One of the most pernicious aspects of purchase approvals by the boards of co-operative apartment buildings has to do with price.
Boards have an obvious interest in analyzing whether prospective shareholders have the financial resources to keep their monthly maintenance charges from falling into arrears.
They also want to ascertain, so far as possible, whether the buyers will be involved and pleasant members of their small community. Are they nice? Do they give big parties? Are they noisy? Does their application appear to be truthful?
Some boards also like to determine whether the applicants are the “right” people. That’s one of the two qualifications with which I take issue. Obviously, boards reflect the larger society in that respect, and I suppose some progress may have been achieved. But consider the tales of board rejections collected by Habitat magazine if you think times have changed all that much.
What troubles me a great deal is a board turndown on the basis of the sale price of the apartment that the buyers are hoping to purchase.
If the price is too low in the board’s estimation, there goes the deal. The concept is that, because comparable sales always are taken into account, a low price will drag down the value of all the co-ops in the building.
Even if that’s true, it’s wrong.
What brings this concern to mind is a transaction that doesn’t involve me, but other brokers who find themselves deeply worried that a hard-won sale is in jeopardy once it reaches the board. (I am altering all the facts in this anecdote to protect the transaction and all concerned, but I am describing an essential truth that all too frequently is replicated.)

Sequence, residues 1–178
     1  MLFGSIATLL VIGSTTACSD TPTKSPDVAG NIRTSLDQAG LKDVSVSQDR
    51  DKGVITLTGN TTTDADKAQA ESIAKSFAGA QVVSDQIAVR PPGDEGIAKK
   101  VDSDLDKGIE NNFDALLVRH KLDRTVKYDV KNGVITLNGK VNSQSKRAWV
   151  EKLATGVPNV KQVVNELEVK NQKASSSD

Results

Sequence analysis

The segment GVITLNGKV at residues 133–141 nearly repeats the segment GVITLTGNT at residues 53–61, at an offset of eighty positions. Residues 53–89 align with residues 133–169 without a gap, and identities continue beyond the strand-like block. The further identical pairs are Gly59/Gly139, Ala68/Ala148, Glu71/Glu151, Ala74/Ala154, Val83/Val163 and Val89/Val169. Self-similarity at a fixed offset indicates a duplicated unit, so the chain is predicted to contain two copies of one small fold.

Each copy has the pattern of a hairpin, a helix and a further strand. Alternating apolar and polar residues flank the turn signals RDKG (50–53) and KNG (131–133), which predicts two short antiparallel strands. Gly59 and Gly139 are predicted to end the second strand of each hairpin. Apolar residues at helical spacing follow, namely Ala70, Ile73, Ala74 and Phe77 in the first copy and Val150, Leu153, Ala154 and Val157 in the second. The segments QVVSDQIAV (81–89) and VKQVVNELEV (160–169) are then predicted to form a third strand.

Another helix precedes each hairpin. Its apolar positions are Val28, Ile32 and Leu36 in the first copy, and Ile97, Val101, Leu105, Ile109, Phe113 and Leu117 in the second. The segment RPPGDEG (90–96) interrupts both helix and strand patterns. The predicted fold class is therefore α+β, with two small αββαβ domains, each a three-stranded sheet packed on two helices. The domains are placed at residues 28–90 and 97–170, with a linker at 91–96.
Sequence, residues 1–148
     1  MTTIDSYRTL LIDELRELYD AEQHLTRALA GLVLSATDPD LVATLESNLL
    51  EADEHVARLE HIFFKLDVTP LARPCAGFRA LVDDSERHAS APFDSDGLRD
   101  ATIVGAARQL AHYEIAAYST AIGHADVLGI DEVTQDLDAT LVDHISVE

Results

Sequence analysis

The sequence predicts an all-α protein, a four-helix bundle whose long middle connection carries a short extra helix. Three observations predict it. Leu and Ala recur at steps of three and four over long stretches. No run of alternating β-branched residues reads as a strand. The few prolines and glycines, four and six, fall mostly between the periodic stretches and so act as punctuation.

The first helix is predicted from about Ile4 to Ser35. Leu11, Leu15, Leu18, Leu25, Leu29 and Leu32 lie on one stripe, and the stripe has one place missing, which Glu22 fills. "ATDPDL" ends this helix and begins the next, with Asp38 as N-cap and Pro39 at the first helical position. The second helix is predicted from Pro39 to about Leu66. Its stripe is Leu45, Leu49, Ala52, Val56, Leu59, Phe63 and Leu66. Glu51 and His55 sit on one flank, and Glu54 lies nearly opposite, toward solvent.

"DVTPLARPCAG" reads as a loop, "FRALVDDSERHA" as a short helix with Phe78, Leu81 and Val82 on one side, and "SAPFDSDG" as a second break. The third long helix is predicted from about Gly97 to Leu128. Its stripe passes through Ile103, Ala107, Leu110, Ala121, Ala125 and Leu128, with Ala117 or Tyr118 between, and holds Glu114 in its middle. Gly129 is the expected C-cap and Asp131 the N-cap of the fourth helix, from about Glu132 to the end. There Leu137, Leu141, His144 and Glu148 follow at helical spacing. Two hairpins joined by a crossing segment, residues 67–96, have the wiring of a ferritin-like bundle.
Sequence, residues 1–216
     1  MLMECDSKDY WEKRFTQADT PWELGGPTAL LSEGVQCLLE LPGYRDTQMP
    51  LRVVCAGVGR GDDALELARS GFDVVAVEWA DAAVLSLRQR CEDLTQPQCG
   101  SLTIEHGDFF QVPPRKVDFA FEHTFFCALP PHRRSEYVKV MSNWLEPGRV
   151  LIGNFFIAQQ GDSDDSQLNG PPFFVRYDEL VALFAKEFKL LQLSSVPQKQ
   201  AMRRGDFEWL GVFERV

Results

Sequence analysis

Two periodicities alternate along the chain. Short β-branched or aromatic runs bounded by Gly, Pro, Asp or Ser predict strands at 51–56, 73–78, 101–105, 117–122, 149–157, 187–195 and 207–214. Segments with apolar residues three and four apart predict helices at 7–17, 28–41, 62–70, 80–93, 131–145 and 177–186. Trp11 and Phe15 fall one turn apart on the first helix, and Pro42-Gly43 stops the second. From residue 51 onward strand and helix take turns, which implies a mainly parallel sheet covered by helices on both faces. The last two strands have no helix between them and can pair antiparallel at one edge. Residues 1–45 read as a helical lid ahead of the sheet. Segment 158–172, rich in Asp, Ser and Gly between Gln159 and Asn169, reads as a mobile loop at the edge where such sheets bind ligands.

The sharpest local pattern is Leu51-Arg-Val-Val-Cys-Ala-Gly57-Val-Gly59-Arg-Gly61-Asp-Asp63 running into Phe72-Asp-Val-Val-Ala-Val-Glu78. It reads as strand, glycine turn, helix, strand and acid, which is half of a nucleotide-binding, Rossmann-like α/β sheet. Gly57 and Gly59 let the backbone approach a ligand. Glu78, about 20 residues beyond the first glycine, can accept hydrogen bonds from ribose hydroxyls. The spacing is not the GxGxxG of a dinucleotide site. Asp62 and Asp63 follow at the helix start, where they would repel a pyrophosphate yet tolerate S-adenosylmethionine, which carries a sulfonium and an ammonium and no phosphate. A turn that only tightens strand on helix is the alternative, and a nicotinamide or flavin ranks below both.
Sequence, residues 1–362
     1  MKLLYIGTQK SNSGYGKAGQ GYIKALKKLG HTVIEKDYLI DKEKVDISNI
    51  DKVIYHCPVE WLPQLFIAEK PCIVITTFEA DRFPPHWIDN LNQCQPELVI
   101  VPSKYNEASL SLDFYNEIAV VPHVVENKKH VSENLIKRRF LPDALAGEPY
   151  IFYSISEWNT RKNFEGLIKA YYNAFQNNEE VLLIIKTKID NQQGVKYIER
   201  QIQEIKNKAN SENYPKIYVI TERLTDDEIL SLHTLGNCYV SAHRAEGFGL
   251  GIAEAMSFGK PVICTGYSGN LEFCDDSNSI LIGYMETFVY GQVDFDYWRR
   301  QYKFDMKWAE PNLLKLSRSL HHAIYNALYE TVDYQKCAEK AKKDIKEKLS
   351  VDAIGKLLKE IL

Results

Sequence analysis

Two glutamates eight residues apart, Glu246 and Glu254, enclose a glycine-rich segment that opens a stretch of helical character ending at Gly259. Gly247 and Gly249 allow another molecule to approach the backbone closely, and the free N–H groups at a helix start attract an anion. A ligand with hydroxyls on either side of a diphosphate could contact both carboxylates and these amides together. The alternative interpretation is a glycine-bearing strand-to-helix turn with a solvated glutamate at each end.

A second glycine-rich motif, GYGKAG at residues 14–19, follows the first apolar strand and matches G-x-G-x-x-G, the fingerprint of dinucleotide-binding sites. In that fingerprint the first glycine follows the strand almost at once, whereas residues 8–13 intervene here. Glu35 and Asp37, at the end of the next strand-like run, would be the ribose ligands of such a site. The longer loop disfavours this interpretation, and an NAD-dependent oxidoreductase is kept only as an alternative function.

The apartment was a difficult sale all along: The seller set limitations not only on when the apartment could be seen, but which rooms; the unit was in estate condition; the price was too high from the beginning; and then the listing brokers were forced by the seller to chase the market down.
Listed for several million dollars in an indisputably prime Manhattan location, the price was dropped just below an even number and reduced two more times. The highly qualified prospective purchaser bottom fished by several hundred thousand dollars and then even more after the final price was cut while that bidder dithered.
Finally, there was a meeting of the minds far below the price of any comparable co-op in the building. The co-op board package was submitted last week, but the brokers and I have serious doubts whether the buyer will be granted a board interview–just because of the sale price.
(Some brokers conspire to inflate the sale price by making it higher on paper but lower in fact with the provision of a “renovation” or “decoration” credit from the seller.)
Comes a board rejection, everyone, including the desperate seller, will be back to that square we know as “1” only because of the board’s self interest, which ignores special circumstances and the vagaries of the housing market.
As a shareholder and former board president myself, I can understand the impulse to protect existing shareholders’ investments. What I don’t understand is shortsighted and immoral behavior
The impulse is one that must be squashed.
Licensed Associate Real Estate Broker
Senior Vice President
Charles Rutenberg Realty
127 E. 56th Street
New York, NY 10022